University psychologists filmed 19 men as they danced their dance of seduction, then covered up the men with featureless avatars to emphasize the dance, not the looks, of each of the bump-and-grinders. Next, 35 heterosexual women rated the dance moves for attractiveness, giving the psychologists clues they needed to discern what women find most sexy when their men boogie down.
“We now know which area of the body females are looking at when they are making a judgment about male dance attractiveness,” says Nick Neave, a lead researcher on the project. “If a man knows what the key moves are, he can get some training and improve his chances of attracting a female through his dance style.” Hmm. Why are we reminded of those Birds of Paradise jiggling their plumage around to attract a mate?
In other findings, the rate of pregnancy and STDs among teenagers in the Netherlands is eight times less than here in the U.S.—and sociologist Amy Schalet has discovered why. Apparently, Dutch parents discuss sex with their kids! And also let them have romantic sleepovers, of course.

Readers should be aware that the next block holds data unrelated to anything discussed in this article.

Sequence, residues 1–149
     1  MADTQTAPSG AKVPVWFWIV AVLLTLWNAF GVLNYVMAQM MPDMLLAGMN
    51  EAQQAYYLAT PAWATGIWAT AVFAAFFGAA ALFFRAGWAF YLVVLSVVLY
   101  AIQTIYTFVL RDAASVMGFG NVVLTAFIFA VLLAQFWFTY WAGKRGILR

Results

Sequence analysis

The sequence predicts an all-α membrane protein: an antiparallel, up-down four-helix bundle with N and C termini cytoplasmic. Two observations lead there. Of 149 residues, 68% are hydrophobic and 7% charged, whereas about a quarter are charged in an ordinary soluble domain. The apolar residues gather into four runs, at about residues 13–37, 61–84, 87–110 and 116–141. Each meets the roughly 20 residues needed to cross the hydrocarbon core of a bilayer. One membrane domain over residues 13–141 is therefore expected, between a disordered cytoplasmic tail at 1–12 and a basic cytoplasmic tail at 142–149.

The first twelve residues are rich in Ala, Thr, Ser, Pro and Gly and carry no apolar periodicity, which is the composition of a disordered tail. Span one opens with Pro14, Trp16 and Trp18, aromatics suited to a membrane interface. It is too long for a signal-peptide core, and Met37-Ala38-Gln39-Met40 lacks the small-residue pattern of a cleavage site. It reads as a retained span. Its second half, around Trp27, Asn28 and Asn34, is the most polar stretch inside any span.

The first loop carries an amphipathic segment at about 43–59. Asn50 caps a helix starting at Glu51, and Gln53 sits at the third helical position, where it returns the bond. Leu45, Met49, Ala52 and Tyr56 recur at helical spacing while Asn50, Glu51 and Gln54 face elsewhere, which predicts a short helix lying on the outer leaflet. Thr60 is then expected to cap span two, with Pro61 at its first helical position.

In her report, “Sex, Love, and Autonomy in the Teenage Sleepover,” Schalet says that the country’s “moral rules cast sexuality as a part of life that should be governed by self-determination, mutual respect, frank conversation, and the prevention of unintended consequence.” Respecting our teens and giving them the information to protect themselves? It’s revolutionary!
Elsewhere, other revolutions are drawing controversy—this time, with adults and daytime TV in Syria. The soap opera Ma Malakat Aymanukum (translated as, “What your right hand possesses”) tackles the unseen dramas—struggles with donning the veil, hidden prostitution and extra-marital sex—that some interpret as daily occurrences in Syrian life. And, while the Syrian public is divided on the show’s merits—with many applauding and many condemning—at least we can all agree the show is deeper and more intellectually stimulating than The Young and the Restless.